Research Expertise and Interest
nanoscience, nuclear magnetic resonance, semiconductors, metals, physics, fullerenes, nanotubes, condensed matter theory, surfaces, defects, nanostructure materials, clusters, many-electron effects in solids
My group is engaged in research in condensed matter theory covering the areas of semiconductors, metals, surfaces, defects, nanostructure materials (such as fullerenes, nanotubes, and clusters), and many-electron effects in solids. The objective is to explain and predict the properties of materials using first-principles theories and computations.
Current Research Projects
A major interest of my group is nanoscience, in particular, systems involving nanotubes. Nanotubes are tubular structures, typically several nanometers in diameter and microns in length. These quasi-1D materials have novel properties (e.g., chiral currents and quantized conductance) of fundamental and practical interest. Systems being studied include defects on nanotubes, nanotube junctions, and nanopeapods. Various structures consisting of assembly of nanotubes and other nano-objects such as fullerenes and clusters are also being investigated.
The properties of a solid are dictated by the interacting electrons and ions in the system. Many properties are strongly affected by electron correlation effects. We are developing many-body perturbation methods and quantum Monte Carlo methods for studying these effects in real materials. In particular, first-principles one-particle and two-particle Green’s function approaches are used to compute quasiparticle energies and optical spectra for interpreting spectroscopic data and to predict phenomena such as photo-induced transformations. Quantum Monte Carlo techniques are used to determine ground-state properties of correlated electron systems. Many-electron effects (e.g., electron-hole interaction in optical processes) are particularly dominant in reduced dimensional systems such as surfaces, polymers, and clusters.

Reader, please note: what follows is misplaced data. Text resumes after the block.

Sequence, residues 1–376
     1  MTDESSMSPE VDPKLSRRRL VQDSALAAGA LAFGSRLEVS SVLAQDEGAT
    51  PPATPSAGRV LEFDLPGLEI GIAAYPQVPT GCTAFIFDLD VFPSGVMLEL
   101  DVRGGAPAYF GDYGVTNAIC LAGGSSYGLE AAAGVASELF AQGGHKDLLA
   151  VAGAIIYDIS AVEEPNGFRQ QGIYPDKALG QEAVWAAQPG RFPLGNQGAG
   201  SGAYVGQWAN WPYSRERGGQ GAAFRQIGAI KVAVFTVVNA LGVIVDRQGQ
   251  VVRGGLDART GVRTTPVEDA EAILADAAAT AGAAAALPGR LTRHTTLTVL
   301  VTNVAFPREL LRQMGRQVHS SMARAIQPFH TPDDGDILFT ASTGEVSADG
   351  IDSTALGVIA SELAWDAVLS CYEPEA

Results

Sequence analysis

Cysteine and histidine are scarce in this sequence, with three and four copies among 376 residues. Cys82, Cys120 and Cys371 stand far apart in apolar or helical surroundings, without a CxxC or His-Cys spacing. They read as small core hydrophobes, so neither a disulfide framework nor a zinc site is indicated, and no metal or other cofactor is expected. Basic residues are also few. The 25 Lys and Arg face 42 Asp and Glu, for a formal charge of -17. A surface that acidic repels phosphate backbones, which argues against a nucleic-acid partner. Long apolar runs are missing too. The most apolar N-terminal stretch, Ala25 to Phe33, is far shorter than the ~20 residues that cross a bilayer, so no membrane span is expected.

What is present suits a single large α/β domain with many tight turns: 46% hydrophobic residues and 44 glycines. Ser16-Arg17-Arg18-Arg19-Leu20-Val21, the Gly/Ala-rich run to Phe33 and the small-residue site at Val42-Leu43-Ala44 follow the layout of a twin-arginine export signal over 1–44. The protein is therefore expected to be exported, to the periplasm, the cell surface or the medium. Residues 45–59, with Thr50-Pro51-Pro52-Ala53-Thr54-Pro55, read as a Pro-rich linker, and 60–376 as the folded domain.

Nuclear magnetic resonance (NMR) is an important tool for studying the chemical, electronic and structural properties of liquids and solids. We have developed a method which allows the ab initio calculation of NMR chemical shifts in extended systems. This approach is applied to investigate crystals, amorphous solids, and liquids.
Hardness is a macroscopic property that is far from well understood. We are investigating the limits of the mechanical strength of solids, with the goals of understanding the physical origins of hardness and predicting new hard materials.